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The nexus of housing, local policy and the state

October 23, 2023 by Nicole Masson

By Sophia Fisher, The Times- Independent, Moab

(This article has been updated to reflect that one development, not two, is currently creating workforce housing units through the AEH ordinance.

This article is the first in a four-part series covering the intersection of housing policy and the relationship between local and state governments. Subsequent articles, published once per month through December, will delve deeper into these dynamics and explore ways to strengthen them.

Time was ticking in March 2022 when Carly Castle saw the email thread.)

It was March 31 and Moab City Council was preparing to vote on a major piece of housing legislation — the Active Employment Household (AEH) Requirement Ordinance — and Castle, the city manager, remembers receiving a long email thread just hours before councilors were set to vote.

Coming from property rights and development advocacy groups, the emails essentially warned the city that if they passed the ordinance, they could expect to see it revoked by the Utah Legislature within the year.

“The threat was … ‘You will be pre-empted at the Legislature if you pass this ordinance,’” Castle recalled. “‘So come to the negotiation table or you’ll expect to see legislation preventing you from being able to implement something like this.’”

Castle said she had “zero doubt” that the threat was empty. She remembers seeing prominent members of the state Legislature included on the chain, though in their roles as developers, not as public officials.

“I think seeing that email chain it was like ‘OK, tap the breaks,’” Castle recalled.

When Moab City Council met that evening, Mayor Joette Langianese announced the council would likely table the ordinance.

“We’ve gotten some comments from several important folks up north at the state Legislature, also with the Utah Association of Realtors, a property rights coalition group and local concerned citizens,” Langianese said. “And so, we just want to make sure that we have the opportunity to discuss this ordinance with them and hopefully come to some resolution.”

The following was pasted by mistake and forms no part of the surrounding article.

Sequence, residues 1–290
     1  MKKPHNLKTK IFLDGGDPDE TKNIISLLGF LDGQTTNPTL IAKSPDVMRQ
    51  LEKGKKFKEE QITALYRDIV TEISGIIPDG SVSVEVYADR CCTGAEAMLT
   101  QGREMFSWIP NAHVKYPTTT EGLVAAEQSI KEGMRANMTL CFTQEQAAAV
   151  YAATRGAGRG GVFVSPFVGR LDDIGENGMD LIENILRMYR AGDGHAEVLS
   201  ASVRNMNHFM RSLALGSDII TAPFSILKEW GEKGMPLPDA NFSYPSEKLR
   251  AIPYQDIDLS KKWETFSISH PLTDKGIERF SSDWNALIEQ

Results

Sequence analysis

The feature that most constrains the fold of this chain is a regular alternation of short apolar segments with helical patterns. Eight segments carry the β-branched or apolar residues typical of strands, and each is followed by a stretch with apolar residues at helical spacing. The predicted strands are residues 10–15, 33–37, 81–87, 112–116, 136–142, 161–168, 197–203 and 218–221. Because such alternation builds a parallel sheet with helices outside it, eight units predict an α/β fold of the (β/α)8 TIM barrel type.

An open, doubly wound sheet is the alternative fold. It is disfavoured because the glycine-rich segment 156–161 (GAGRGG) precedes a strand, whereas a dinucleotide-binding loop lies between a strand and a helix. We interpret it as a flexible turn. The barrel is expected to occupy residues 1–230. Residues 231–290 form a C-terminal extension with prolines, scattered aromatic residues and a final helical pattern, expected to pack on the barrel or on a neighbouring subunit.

Indeed, that’s what the city and advocacy groups did, launching into months of closed-door negotiations. Last August, Moab City Council passed an amended AEH ordinance that survived its first legislative session earlier this year.

But the developments of early 2022 signal what some local government officials and staff have called a disturbing, and worsening, trend of state officials intervening in local housing policy. The interventions sometimes peel back existing laws, sometimes preclude municipalities from pursuing new ones. Some are single paragraphs; others are buried in omnibus bills.

But together, some say they represent a Legislature increasingly willing to override municipalities, particularly around policy that aims to ameliorate the state’s intensifying housing challenges.

At the same time, the state’s involvement in local housing policy can carry its own bright spots: a push-and-pull that strengthens policies, hands-on negotiation that can lead to stronger laws.

Still, with such a power imbalance it can be hard for local governments to rest easy. Castle said she’s not convinced the city’s AEH ordinance is safe.

“I wonder to what extent this is a ‘wait and see’ for that group,” she said. “…I don’t know if they’re thinking ‘When this doesn’t work for Moab maybe we’ll pre-empt them, or if it started spreading that’s when we’ll pre-empt them.’ But for now, it seems innocuous enough.”

‘A runaway problem’